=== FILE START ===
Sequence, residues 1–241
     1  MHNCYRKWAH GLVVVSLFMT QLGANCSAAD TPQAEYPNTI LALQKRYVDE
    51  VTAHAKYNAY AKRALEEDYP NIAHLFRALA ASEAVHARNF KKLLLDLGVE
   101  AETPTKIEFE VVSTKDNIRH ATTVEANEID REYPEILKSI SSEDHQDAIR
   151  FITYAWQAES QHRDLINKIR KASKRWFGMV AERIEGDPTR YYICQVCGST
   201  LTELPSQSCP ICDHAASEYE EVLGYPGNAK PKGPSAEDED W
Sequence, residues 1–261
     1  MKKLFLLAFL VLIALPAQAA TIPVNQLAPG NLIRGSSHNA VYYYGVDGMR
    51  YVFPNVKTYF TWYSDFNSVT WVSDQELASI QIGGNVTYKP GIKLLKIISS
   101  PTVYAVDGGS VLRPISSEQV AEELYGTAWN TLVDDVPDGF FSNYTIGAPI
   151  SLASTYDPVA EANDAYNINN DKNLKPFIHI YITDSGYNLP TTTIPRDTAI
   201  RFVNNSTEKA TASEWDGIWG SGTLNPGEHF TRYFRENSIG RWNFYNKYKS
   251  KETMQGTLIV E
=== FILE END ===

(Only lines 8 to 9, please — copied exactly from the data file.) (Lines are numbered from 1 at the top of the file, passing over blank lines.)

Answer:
     1  MKKLFLLAFL VLIALPAQAA TIPVNQLAPG NLIRGSSHNA VYYYGVDGMR
    51  YVFPNVKTYF TWYSDFNSVT WVSDQELASI QIGGNVTYKP GIKLLKIISS